One of my most memorable friends was a girl I will call Deepa. Deepa had a white complexion, chubby cheeks tapering towards a double chin, and black eyebrows that arched perfectly over translucent, large brown eyes. It took me years to realize that her innocent, wide-eyed look was attributable to her shortsightedness, which her vanity prevented her from wearing glasses for.
I met Deepa on the first day of ninth grade. I had timidly arrived at my new school to face wealthier girls with superior clothing and even more superior attitudes.
Deepa was the queen bee. One of my most vivid memories is of Deepa performing a dance during recess, while we girls formed a tight circle around her. She would throw her arms about, stick her chest out, and twirl in an almost obscene manner, as her skirt rose higher and higher, revealing her crisply starched pantaloons.
Deepa had an uncle who was a scientist in the United States. This was enough reason for me to fall in love with her, but she had other attractive attributes as well. She could speak English; she wore bright red socks held up to her knees with elastic straps; and wrapped nylon scarves around her head.
Her most prominent characteristic was that she did not live with her parents, but with an assortment of aunts and uncles in a sprawling, red-tile-roofed bungalow shaded by an acacia tree. She had a room of her own, decorated with knickknacks from all over the world. Deepa’s aunts, all single women, held classy jobs. Deepa fashionably went away in the summertime to visit her parents, who, from the way she talked about them, were stand-ins for real parents.
Deepa received an allowance every month, which we spent at the ice-fruit vendor’s stall every month, and which I tried to outdo by stealing money from my mother’s kitchen drawer.
On my birthday, which fell on the Republic Day, I coerced Deepa to visit me after the flag-raising ceremony at school to feast on shrikhand and puris my parents had prepared. Taken aback by her status as a dignitary, Deepa nevertheless played her part well, sitting on the edge of the sofa in our living room, and eating daintily with a spoon off a flowery dish normally reserved for adult visitors.
I admired the boldness with which Deepa snubbed the boys in school and talked to grown-ups as an equal. I, on the other hand, could excel at debate competitions, but would dread encounters with adults outside of school, so much so that I could not summon up courage to knock on a friend’s door to ask if she could play.
Deepa was my hero. I imitated her. I cocked my head while talking to the girls from the “B” class, I addressed the boys with the utmost of disdain, I even wore ridiculous red socks. Alas, that was where our physical resemblance ended. For, while Deepa was stocky, I was skinny beyond anemic. While she wore starched blue uniforms, I couldn’t get my mother to wash mine in time. While she wore stylish embroidered wool coats sewn by the best tailor in Nagpur, I went to school shivering rather than wear my mother’s hand-knitted sweater, which a middle school teacher had quipped, contained every stitch in the book.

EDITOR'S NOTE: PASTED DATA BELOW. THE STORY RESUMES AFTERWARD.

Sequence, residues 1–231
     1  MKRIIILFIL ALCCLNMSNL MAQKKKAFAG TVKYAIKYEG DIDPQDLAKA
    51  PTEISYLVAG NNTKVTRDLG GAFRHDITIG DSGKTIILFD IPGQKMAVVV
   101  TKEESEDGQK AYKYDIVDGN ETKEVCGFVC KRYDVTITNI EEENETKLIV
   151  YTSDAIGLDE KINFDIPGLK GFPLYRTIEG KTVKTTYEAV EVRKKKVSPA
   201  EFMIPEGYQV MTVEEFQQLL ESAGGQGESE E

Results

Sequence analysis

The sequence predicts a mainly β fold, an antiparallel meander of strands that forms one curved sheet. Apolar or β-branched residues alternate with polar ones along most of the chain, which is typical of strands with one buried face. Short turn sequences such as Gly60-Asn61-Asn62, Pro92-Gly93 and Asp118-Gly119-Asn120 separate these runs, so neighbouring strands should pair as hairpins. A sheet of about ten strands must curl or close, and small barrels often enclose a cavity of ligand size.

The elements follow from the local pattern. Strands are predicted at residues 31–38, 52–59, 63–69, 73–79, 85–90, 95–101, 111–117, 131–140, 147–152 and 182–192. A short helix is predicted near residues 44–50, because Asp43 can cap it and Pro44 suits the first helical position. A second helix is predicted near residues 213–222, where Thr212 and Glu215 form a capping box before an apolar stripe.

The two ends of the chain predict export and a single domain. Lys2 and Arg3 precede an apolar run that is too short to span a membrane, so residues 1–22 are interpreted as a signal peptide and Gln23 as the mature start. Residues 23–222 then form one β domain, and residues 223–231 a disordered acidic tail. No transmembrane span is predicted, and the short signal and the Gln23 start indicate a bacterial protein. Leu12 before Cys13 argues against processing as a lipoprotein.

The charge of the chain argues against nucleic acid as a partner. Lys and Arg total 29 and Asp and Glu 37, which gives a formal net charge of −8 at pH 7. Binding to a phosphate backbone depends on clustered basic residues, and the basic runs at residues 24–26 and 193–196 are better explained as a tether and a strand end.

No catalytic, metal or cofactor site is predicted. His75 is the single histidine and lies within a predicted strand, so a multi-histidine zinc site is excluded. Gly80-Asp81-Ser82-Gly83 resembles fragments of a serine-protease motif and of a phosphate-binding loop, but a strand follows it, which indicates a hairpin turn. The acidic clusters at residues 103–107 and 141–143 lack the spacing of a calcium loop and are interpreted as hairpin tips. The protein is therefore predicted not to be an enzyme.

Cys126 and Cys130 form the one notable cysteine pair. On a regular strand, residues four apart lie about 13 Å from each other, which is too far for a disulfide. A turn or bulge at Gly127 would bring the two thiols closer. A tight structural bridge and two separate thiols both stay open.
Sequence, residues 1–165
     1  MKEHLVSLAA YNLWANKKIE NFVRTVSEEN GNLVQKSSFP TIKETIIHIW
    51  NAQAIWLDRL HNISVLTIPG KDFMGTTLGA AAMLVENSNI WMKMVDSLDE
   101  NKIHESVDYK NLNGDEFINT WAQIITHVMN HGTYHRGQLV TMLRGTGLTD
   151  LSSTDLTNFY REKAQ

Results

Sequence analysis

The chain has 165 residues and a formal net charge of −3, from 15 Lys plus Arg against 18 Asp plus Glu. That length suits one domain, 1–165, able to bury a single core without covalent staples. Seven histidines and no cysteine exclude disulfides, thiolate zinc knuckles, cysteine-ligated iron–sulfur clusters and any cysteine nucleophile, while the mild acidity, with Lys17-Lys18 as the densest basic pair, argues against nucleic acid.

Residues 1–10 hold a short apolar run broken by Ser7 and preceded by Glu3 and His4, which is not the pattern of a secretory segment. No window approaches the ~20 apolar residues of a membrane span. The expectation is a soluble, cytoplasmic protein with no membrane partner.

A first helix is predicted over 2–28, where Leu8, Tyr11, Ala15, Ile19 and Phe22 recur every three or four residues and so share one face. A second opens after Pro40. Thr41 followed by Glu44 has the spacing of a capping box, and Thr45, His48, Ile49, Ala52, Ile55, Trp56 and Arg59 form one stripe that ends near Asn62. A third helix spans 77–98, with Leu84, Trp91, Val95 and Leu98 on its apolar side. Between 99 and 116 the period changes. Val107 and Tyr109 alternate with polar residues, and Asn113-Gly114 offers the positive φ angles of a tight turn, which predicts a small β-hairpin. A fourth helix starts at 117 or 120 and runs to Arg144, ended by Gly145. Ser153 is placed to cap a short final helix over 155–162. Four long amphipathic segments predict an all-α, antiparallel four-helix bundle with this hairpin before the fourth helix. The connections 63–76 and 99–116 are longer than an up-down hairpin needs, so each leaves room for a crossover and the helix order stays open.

I would have given anything to be Deepa.
A few months after ninth grade began, my mother woke up one morning, crashed to the floor, and took to bed, never to get up again. She was said to be suffering from a nervous breakdown. I learned to cook, to pay the bills, and to ignore my mother’s daily pleas to take her to the doctor, because, in addition to other paranoias, my mother suffered from hypochondria.
It was in ninth grade that my studies became the only joy in my life, besides my friendship with Deepa. I had discovered that despite her articulateness, Deepa lacked rigor in her studies, so I tried to help her by doing her math homework and by passing her bits of paper with answers during tests.
One day, in the recess, I told Deepa about my mother. Her reaction was inscrutable. Still, I loved her as I had never loved a friend before.
No wonder then that I did not notice her put-downs, like when she took my place in the ceremony in which our education minister presented her with a notebook from an American student, or when she took home the debating trophy that we had won together.
Towards the end of ninth grade, I began to notice in Deepa’s math notebook problems from chapters far beyond the ones we had covered in class. When asked about them, she would shrug her shoulders and say, “They’re easy. Just read the book.”
Then one day, another girl in class approached Deepa and asked her about “Ghate Sir.”
“Who’s Ghate Sir?” I asked.
“Our tutor,” the girl replied. It turned out that Deepa and this girl had been receiving private tutoring since the beginning of ninth grade.
I realized then that there were things about Deepa that I did not know. That, in fact, I would never be as close to her as I had wished to be.
It was my first experience of betrayal.
I continued to love Deepa, of course. But ours was not the kind of friendship I had originally wanted.
Still, I adored her, long after I had become a merit scholar, long after I had gone to America, long after I had experienced other betrayals, far more crushing.
I forgave Deepa, because I suspected that her betrayal had been passed on to me from other sources, like her parents, who remained an enigma. I began to sense that, in fact, she did not really know who her parents were. Alas, Deepa came to symbolize for me over the years the loss of innocence.
I am still seeking that perfect friend, that someone I can completely trust and reveal myself to. As Nehru said, the journey is worth the effort, even though the end may not be in sight.
Sarita Sarvate writes commentaries for Pacific News Service and KQED.